It turns out, mortuary schools don’t have cheerleading scholarships.
So when Stacey Kohles had to choose between her two life ambitions — cheer and funeral science — the young adult landed on the mat. Although she dabbled in dermatology, psychology and dreamed of opening a flower shop, the Fort Smith native eventually started Arkansas Cheer Unlimited in 2003 and has never looked back.
“Being a full-time cheer coach as an adult was not at all what I had planned,” she said with a laugh. “But when you get into this industry — cheer — you realize you are always reaching. You can never accomplish enough because you are always setting goals higher and higher for yourself. So I think, I just never stopped cheering because there was always another challenge.”
Four years ago, Kohles’ lofty goals led her to the University of Arkansas Fort Smith where she took on her biggest challenge yet: the university’s only cheer squad.
While many colleges train multiple cheer squads — football, basketball, home and competitive — the Fort Smith university has only one, Kohles said, making training a competitive cheer squad for both games and competitions a little confusing.
And pressed for time.
“Our cheer squad does everything,” Kohles said. “They have to learn quick. They’re busy, but they learn very good time management skills.”
It’s management skills they truly need, said 2014-2015 cheer squad captain Andrea Wallace. Having cheered on a squad since her freshman year in high school, the junior mechanical engineering major is used to splitting her time between cheer and school, she said. But the cheer squad at UAFS is a totally new animal, she said.
“I competed through high school with Arkansas Cheer Unlimited, but in college cheer, you are a lot more free,” she said. “It’s more exciting — cheering at games. But with competition — well once the basketball season is over — we really have to kick it into gear. And we did it.”
On April 13, 2015, the UAFS cheer squad won its first National Cheer Association Collegiate Cheer National Championship, becoming the fourth overall national championship winning team for the school.
The NCA Championship is a two-day long competition among ten intermediate-level coed teams held annually in Daytona Beach, Fla. The team had performed in the competition for the previous two years, earning fourth place last year and vowing to come back harder.
And they did. With only one month of training.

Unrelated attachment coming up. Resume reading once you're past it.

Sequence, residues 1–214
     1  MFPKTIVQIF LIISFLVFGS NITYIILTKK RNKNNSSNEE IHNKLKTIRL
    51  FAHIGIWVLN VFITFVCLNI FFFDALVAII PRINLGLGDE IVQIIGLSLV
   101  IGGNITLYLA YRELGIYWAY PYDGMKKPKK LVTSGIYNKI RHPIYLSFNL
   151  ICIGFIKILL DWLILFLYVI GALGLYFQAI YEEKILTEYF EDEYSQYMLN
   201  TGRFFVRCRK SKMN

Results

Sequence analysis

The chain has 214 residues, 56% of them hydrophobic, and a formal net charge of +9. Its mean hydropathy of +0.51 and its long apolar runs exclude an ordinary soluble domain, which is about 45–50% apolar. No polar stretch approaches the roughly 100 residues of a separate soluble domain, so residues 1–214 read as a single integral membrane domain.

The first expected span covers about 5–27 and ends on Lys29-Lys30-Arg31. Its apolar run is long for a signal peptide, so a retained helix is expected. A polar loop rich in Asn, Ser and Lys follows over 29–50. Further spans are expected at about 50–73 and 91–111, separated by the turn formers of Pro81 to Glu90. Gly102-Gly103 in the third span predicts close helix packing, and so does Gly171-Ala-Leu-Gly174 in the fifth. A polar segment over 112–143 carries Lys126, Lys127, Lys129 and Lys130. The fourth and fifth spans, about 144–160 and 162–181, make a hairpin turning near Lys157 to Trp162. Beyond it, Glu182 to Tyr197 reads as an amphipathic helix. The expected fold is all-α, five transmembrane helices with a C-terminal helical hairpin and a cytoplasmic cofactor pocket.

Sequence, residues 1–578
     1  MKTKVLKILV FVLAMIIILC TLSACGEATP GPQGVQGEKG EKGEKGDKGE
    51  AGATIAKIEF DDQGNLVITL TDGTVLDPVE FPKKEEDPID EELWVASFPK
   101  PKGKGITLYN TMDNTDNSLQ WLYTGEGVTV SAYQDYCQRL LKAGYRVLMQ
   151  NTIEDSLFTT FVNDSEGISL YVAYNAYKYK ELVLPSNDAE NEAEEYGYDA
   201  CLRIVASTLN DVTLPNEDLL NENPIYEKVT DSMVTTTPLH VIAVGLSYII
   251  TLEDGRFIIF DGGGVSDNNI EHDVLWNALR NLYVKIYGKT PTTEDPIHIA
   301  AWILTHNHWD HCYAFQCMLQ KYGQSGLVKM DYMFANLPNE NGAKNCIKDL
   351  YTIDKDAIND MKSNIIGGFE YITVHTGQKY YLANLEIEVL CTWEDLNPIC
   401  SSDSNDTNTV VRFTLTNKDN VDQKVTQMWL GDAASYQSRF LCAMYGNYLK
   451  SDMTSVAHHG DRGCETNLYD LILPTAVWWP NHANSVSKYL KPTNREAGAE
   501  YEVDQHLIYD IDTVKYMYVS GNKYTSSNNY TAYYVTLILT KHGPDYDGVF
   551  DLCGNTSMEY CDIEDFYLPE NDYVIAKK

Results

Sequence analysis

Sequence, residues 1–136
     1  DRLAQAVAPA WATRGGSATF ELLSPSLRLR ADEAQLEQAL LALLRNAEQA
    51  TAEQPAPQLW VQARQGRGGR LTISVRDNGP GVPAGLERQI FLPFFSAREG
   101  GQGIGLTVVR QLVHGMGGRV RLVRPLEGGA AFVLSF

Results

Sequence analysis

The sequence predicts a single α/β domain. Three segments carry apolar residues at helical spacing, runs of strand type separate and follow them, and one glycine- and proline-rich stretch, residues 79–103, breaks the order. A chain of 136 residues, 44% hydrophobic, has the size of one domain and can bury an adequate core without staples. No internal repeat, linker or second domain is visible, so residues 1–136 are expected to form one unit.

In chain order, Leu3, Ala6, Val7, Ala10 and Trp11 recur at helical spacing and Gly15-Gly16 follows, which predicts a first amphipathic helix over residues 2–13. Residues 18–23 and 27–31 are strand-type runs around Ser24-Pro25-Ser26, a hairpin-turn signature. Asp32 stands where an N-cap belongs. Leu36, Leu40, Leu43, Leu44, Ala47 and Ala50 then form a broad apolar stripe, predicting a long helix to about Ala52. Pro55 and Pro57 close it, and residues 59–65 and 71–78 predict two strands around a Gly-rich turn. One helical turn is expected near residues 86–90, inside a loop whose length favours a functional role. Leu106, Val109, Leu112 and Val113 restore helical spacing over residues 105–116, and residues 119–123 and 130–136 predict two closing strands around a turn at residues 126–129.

“Well, technically they are preparing all year,” Kohles said. “Everything they do throughout the year prepares them for the competition, but we don’t really start working on choreography until about a month before competition.”
The cheer squad goes through what they call “Hell Week,” and with a 5 a.m. call, the 5 intense and often 18 hour days live up their name.
“That’s when they’re learning all the choreography and the routine,” she said. “The last two weeks before competition is just putting it together. It’s overwhelming for them at first, but then they realize they have learned all these skills though out the season — we’re just making them more fancy.”
The season began in May, when 19 full-time students and three alternates were chosen for the squad. The team consists of about half newcomers.
Also among the newcomers was an 18 year-old Gentry cheerleader who would ultimately lead her team to victory, her squad says.
Sophia Anceio-Porter joined the UAFS squad after graduating from Gentry High School in 2014. But before the teen was able to step foot in a college classroom, she was killed in a car accident.
The shocked squad suffered through the loss and two or three near-silent practices, said assistant coach Branden Gregory.
“It was really hard because Sophia — she was truly a very sweet person, very well spoken,” he said. “I remember meeting her and immediately wanting her on the team. We didn’t know what to do when we lost her. We were just quiet.”
But the quiet didn’t last long.
The team found strength and inspiration in the memory of their beloved teammate, and in tribute the squad dedicated their national championship competition routine to Sophia.
“I think it had an impact on us winning the championship,” Wallace said. “And throughout the year. Whenever things got hard, whenever we got up at 5 a.m. and were tired and hurt — she was there. She was with us. We knew we had to try because she was there trying with us.”
Sophia Asencio-Porter was killed on June 20, 2014, in an automobile accident just south of Gentry. The 18 year-old had been chosen as a member of the UAFS cheer squad just a month before.
After her death, the 19 remaining members of the squad rallied, devoting their season to her memory.
At the national championship competition in April 2015, the UAFS squad performed at its best because of what they say was their angel looking down on them.
In a surprise move, the squad paused 30 seconds before the end of their competition routine in Daytona, Fla., as a planned voice-over interrupted their music.
“We have 19 on the mat and one angel in the sky. It’s our promise to you that your memory never dies.”
The team says it gave them strength to push through to the end and win it all.
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